The source of the commotion was unmistakable. Some screaming hawks were nearby so I grabbed the nearest, telephoto-equipped camera and traced the sound to our next door neighbors’ rooftop. The first shot below was the most dramatic I captured in two or three minutes of activity that I still don’t fully understand.
But, let’s back up a bit. It had started out with a lone, adult hawk perched at the roof’s peak. Others, including a youngster, circled overhead.
Eventually, the young one descended and began to flap and strut for the benefit of its elder. At least it seemed so. I saw no real physical contact between the two and concluded this must be a conversation of sorts rather than a serious confrontation.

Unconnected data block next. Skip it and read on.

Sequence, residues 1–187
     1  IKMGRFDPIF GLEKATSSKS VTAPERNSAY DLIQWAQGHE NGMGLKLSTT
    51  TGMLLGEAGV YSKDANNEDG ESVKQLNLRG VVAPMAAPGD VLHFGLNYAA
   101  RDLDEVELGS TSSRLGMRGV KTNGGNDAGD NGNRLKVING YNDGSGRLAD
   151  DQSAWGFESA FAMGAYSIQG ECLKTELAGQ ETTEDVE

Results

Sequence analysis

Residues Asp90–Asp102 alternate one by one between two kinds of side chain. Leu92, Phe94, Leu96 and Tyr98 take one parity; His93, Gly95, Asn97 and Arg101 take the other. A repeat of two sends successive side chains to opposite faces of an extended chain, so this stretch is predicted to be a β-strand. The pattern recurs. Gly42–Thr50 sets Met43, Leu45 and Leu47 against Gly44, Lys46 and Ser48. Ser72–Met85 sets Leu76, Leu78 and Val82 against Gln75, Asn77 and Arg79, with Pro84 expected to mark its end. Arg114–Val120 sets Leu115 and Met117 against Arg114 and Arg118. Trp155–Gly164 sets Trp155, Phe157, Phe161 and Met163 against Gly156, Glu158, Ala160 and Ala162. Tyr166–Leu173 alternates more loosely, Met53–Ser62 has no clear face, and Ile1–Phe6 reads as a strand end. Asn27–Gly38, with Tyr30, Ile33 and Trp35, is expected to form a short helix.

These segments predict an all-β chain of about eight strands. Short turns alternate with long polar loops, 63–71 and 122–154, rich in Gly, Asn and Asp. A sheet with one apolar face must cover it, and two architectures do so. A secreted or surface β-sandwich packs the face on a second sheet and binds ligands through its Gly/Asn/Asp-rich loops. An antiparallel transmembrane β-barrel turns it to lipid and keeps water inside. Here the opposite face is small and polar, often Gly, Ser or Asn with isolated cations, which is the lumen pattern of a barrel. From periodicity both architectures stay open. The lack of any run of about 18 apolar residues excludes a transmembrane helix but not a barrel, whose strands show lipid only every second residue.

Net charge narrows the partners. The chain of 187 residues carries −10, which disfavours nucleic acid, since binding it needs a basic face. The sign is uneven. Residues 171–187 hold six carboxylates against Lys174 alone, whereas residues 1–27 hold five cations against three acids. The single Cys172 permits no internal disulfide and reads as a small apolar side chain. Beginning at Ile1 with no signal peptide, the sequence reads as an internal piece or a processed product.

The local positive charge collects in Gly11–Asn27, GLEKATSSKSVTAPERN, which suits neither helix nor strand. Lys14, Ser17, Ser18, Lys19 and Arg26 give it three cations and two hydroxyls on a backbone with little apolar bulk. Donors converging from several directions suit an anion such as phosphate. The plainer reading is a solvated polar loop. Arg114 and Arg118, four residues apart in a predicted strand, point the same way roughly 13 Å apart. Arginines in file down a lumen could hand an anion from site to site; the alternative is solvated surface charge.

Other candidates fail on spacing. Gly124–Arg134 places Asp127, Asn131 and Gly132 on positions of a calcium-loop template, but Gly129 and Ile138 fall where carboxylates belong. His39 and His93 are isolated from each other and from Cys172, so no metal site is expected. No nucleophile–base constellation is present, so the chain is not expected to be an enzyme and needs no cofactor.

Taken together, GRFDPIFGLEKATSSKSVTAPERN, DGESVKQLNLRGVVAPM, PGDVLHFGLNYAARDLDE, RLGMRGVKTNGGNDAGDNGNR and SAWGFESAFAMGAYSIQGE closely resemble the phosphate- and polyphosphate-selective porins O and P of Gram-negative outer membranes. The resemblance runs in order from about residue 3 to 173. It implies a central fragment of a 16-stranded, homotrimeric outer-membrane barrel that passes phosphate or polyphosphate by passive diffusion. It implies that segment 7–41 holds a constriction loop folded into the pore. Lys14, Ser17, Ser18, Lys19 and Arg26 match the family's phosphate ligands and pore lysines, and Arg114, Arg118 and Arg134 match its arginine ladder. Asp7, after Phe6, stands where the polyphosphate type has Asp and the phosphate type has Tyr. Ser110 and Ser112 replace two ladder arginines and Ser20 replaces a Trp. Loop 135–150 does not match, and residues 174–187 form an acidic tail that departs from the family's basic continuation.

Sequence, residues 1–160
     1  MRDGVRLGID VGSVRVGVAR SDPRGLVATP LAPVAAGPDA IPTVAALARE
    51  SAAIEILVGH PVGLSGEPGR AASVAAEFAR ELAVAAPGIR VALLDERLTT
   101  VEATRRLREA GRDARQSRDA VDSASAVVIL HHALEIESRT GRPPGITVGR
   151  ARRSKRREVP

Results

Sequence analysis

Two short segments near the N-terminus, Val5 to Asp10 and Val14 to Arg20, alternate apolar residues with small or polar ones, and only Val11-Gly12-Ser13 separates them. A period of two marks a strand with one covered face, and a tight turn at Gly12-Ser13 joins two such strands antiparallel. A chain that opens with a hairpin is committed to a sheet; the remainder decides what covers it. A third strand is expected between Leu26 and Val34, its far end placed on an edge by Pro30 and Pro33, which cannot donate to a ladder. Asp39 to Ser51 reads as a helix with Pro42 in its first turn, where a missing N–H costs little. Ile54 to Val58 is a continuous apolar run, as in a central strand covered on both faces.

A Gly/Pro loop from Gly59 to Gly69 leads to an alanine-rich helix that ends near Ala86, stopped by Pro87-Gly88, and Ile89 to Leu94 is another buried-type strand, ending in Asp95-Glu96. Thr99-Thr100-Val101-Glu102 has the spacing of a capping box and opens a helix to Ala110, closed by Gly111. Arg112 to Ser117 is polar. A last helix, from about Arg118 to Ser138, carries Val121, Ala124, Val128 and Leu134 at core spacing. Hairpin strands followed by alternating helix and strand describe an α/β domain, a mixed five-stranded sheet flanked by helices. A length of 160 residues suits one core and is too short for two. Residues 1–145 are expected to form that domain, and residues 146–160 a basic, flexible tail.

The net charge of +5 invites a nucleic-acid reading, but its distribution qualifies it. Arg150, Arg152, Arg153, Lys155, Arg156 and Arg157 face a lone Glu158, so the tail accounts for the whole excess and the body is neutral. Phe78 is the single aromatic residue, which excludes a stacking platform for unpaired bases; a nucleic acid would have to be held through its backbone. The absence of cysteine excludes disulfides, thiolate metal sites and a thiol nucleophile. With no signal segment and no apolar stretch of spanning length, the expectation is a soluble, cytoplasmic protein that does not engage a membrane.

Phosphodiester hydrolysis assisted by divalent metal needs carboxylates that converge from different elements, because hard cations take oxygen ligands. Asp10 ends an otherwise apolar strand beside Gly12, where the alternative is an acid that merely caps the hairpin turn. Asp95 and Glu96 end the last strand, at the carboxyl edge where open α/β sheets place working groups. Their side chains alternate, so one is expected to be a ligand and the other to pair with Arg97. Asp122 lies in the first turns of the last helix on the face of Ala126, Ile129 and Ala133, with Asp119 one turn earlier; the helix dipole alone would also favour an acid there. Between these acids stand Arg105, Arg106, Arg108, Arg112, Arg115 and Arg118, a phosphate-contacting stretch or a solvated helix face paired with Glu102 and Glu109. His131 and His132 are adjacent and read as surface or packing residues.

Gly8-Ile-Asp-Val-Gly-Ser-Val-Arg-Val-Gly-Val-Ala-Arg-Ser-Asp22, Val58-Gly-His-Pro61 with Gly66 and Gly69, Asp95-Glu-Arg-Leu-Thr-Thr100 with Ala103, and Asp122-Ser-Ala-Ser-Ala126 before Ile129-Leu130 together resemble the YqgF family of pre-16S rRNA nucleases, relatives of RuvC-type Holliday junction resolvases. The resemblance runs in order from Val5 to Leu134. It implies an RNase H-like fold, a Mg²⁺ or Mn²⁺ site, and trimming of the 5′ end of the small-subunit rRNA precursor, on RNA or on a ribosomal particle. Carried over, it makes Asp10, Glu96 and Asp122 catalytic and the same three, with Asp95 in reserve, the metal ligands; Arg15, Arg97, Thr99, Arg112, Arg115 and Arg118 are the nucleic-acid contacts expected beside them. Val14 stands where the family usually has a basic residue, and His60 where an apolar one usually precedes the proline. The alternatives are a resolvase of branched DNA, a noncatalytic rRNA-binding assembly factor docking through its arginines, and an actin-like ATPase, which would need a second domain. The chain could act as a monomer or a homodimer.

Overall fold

After several minutes, calm prevailed.
Then, without further ceremony, both flew off together.
I shared this series of pictures with an expert on such birds and he generously replied: “They are red shouldered hawks (Buteo lineatus) which is the second most commonly noted hawk in the east (second to the red tailed hawk). They are quite social and often very noisy especially when young are involved. The birds in the picture are interesting. The perched bird is an adult. The one flying is in juvenile plumage but doesn’t appear to be a hatch year bird. I guess this because of the broken feathers on the tail (retrices) and the molt pattern on his wings. Again, they are a very social bird that we see flying together and calling loudly. Not sure what the individual dynamic is between these two birds but the perched one doesn’t seem to be too bothered.”